We need to try to understand, before we condemn. That’s where we start.

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1 Response

  1. Braveheart says:

    It’s a great article, Tom.

    I do believe there is also a physical component to compulsive gambling, however. The constant stimulation to the brain caused by the machines has a biochemical effect which is extremely powerful. The chemical concerned appears to be dopamine – which is also implicated in other forms of compulsive behaviour and addiction. We do not completely understand the scope of this yet. There are also different personal and societal factors and vulnerabilities involved for each of us.

    I think you capture most elements of the compulsion brilliantly – the craving, the secrecy, the shame. There is also the usual disassociation from reality which prevents problem gamblers from acknowledging the damage that occurs to themselves and others.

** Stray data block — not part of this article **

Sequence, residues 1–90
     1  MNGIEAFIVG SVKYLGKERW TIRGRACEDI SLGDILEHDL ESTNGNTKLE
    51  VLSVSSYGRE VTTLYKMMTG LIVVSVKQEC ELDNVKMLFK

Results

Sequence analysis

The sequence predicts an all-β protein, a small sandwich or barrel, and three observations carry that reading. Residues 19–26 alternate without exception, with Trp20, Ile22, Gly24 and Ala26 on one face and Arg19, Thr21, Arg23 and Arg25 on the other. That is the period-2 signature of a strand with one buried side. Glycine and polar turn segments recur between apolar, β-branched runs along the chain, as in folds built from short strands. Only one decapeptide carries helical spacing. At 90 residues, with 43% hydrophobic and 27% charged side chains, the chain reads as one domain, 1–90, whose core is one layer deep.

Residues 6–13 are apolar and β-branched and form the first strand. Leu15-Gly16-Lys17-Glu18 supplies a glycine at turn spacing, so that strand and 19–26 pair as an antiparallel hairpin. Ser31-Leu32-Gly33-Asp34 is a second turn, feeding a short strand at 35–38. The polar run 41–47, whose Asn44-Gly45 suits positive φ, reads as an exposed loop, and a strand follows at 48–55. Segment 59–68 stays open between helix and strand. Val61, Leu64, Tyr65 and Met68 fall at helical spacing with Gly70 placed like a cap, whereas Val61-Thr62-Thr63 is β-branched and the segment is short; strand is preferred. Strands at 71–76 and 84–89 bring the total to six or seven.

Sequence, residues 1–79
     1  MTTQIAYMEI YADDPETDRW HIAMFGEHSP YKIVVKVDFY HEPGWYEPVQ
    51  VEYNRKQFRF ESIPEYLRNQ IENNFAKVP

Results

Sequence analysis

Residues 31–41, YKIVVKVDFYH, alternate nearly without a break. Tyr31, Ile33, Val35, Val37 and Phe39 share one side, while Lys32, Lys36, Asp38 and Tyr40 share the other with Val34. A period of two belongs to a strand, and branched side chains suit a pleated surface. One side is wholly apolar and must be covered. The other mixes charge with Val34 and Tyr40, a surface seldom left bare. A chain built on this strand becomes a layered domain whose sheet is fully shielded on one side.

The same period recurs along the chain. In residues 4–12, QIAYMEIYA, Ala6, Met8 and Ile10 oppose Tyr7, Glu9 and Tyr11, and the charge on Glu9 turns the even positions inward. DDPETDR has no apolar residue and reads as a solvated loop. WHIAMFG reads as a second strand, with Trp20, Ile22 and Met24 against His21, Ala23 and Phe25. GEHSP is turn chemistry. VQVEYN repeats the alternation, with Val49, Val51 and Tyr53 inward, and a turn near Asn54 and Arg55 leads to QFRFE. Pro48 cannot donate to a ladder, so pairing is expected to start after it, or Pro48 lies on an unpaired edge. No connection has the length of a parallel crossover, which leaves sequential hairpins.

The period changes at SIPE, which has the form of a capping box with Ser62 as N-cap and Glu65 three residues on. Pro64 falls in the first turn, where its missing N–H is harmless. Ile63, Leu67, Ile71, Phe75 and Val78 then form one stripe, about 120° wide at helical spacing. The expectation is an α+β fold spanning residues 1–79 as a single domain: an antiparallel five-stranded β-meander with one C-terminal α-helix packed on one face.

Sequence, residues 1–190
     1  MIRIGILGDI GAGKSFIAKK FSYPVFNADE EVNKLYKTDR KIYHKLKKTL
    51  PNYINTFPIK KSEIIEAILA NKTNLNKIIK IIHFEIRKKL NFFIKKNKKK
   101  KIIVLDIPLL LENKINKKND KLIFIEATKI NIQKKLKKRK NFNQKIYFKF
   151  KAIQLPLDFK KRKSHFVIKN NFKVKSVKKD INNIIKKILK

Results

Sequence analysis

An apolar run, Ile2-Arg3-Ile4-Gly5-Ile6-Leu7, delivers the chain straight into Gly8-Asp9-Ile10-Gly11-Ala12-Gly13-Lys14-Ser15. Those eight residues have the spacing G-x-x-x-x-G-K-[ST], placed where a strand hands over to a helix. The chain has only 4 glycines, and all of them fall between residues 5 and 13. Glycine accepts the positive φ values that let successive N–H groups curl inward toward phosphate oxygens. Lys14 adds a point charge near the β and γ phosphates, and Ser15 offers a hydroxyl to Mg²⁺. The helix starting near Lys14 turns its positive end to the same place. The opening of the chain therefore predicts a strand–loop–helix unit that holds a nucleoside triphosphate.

Yesterday I was in a local venue as part of my work. I saw a man in his 60’s or 70’s – it was hard to tell. He was seated at one machine, obviously entranced. When he had a successful spin he would immediately try to stop the music and flow of electronic effects you get with some machines while they aggregate the total of the win. He did this by almost banging the keys to no avail. He was almost hunched over the machine, making three dollar bets but did not seem to be having huge wins.

    I spoke with him lightly about how we was going. He looked at me briefly for a few seconds and shook his head. I wanted to do more but wondered what his response would be if a complete stranger suggested that he come outside for a breath of fresh air. So I walked away. After I’d finished my other business in the area I dropped back to the venue to see if he he was still there and he was, two hours later. I think he was a classic example of someone who may have been in deep trouble.